Sunday

29th May 2016

Russia angst sees EU energy efficiency targets watered down

  • EU leaders will have to decide if the 30 percent target will be binding (Photo: eastpole)

The EU commission on Wednesday (23 July) tabled a plan to increase the bloc's overall energy efficiency, but had to water it down amid fears of Russian gas supplies being cut in the ongoing Ukraine crisis.

Under the plan, the commission leaves it up to EU leaders to decide if it should be binding or not to increase energy efficiency by 30 percent by 2030, compared to 2007 levels. In previous drafts, the commission had toyed with the idea of a binding target of up to 40 percent.

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Speaking to journalists on Wednesday after a lengthy meeting of all 28 EU commissioners, energy commissioner Guenther Oettinger said the planned target is "ambitious" and that it has a "good chance" of being approved by member states. A first discussion on it will take place at the 23-24 October summit.

Oettinger denied that the target was watered down.

But in one of the latest drafts, it was as low as 27 percent. Incoming EU commission president Jean-Claude Juncker's push to have a binding target of at least 30 percent helped a handful of commissioners who were pressing for a more ambitious target to get the 30 percent agreed.

Oettinger spoke of three groups of countries with differing positions on the file.

One group he referred to - without naming the countries - supported three binding targets: for energy efficiency, green house gas emissions, and renewable energy.

This group is said to comprise France, Germany and the Nordic states, whose commissioners also represented their government's line on this.

The second group mentioned by Oettinger contains those who "want less Europe, less Brussels, and where the EU elections have strengthened this position" - a reference to Great Britain.

The third group wanted just greenhouse emission targets, saying this is enough and that energy efficiency would contribute to the same goal.

This includes, according to an EU source, countries most dependent on Russian gas imports - notably Bulgaria, Hungary, Slovakia, Poland and the Baltic states. They "paradoxically" opposed the energy efficiency target even as they try to cut down their own dependence.

The reasoning behind their stance is that if Russia cuts gas supplies and the EU imposes binding energy efficiency targets, countries will have to foot the bill for not meeting those targets, on top of investments needed to make buildings, cars and appliances less energy-consuming.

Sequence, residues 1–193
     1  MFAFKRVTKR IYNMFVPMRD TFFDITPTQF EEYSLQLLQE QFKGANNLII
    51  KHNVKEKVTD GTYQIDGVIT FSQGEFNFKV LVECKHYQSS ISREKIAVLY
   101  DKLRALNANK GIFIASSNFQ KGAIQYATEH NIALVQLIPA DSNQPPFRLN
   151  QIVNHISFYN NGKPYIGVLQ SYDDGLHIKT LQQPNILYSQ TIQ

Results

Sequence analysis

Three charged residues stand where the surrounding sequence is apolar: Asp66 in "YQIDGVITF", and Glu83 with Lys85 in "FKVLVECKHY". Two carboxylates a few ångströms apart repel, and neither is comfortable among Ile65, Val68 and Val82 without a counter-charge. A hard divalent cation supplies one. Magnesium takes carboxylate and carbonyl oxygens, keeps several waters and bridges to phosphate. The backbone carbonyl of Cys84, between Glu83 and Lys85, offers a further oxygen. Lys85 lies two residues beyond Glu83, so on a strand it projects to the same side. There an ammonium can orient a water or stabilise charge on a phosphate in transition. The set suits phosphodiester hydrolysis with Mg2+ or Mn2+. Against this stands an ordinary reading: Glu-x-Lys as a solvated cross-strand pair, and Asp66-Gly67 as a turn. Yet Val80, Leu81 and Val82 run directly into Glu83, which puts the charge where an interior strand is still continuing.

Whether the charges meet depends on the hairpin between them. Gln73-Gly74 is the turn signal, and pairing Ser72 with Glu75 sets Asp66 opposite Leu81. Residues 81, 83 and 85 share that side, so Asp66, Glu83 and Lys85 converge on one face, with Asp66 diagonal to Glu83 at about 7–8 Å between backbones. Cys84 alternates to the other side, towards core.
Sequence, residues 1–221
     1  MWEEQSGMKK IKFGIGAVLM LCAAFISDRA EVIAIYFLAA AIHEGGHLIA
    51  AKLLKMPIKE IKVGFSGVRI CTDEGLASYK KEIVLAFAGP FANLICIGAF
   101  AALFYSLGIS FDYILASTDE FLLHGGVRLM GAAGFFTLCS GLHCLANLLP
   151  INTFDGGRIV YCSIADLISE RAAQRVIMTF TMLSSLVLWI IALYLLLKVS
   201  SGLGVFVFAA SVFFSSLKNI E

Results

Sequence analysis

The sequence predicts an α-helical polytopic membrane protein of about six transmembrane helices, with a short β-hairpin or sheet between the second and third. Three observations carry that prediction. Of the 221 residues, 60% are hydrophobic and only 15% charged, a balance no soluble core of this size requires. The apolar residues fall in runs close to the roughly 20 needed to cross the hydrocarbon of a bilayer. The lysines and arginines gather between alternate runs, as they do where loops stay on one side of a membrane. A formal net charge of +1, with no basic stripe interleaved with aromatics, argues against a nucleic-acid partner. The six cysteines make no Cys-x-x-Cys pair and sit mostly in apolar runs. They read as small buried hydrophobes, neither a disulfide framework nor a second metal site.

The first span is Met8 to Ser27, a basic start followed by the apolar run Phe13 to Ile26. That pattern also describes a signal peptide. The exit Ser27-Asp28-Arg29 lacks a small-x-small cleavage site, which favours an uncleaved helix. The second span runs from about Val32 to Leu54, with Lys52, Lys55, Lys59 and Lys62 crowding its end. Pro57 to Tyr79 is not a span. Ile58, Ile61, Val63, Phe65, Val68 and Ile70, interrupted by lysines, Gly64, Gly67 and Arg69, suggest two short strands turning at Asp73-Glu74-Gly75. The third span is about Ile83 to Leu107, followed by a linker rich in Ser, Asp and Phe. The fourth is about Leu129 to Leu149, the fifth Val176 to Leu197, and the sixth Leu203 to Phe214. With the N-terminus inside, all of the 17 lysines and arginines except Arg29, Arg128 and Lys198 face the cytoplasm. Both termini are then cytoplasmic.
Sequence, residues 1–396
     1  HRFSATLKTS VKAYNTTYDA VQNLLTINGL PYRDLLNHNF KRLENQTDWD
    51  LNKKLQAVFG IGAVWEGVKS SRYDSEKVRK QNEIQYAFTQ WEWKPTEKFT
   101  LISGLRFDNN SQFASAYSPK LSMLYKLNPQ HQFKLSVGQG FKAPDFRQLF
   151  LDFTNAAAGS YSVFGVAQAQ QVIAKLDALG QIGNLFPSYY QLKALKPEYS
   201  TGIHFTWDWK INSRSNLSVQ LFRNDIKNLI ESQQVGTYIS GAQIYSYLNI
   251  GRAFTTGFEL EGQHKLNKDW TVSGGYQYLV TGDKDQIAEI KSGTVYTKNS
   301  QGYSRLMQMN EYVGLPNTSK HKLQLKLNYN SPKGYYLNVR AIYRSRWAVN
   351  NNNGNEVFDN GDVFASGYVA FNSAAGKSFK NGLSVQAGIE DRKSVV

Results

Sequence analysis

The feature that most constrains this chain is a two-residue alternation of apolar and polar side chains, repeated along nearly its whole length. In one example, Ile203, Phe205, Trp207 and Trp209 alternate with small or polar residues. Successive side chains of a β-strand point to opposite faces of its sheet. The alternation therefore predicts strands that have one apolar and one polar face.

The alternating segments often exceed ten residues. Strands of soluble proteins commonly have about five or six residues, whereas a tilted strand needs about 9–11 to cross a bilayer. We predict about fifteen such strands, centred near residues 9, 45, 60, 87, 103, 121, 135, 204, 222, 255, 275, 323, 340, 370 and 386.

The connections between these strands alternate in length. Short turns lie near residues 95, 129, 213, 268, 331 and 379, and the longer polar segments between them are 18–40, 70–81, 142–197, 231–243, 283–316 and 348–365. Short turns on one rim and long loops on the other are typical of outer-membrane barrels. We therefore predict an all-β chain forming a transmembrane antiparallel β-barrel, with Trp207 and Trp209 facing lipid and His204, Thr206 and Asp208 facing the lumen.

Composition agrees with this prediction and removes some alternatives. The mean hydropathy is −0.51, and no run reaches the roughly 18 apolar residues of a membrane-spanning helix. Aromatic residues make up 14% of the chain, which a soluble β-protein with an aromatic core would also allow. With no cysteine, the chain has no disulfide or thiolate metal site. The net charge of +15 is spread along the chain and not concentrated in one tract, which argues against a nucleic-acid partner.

Oettinger admitted that investments "in the higher range of two-figure billions" of euro were needed to meet this target. He said there will be "resistance" from industries that will have to implement labelling and eco-design.

As for the EU countries dependent on EU gas and electricity, Oettinger said that a "co-ordination group" is meeting regularly to try to get gas storages filled to maximum capacity.

"We want de-escalation, we want an agreement in the gas price dispute [between Russia and Ukraine]," he said.

Planned sanctions against Russia, currently being worked out by the EU commission "should not include oil, gas, coal and uranium imports," he said.

But he added that drilling technology and other high-tech devices needed for the Russian offshore fields exploration might be put under an embargo "to show them that if they are not contributing to peace in Ukraine, we have no reason to facilitate their energy sector development".

EU foreign ministers on Tuesday agreed to expand the sanctions regime to energy technologies, dual-use items, defence exports and financial transactions if Russia does not co-operate with MH17 investigators and keeps arming the Ukrainian rebels that shot down a civilian plane in which over 200 EU citizens died.

On Wednesday, two more planes were shot down, this time Ukrainian fighter jets. According to AFP, the missiles were fired from Russian territory.

Finance ministers baulk at tax-avoidance rules

Member states will discuss again in June a proposed directive to outlaw practices used by large companies to avoid paying taxes. Meanwhile, the European Parliament makes progress on its probe of Panama Papers.

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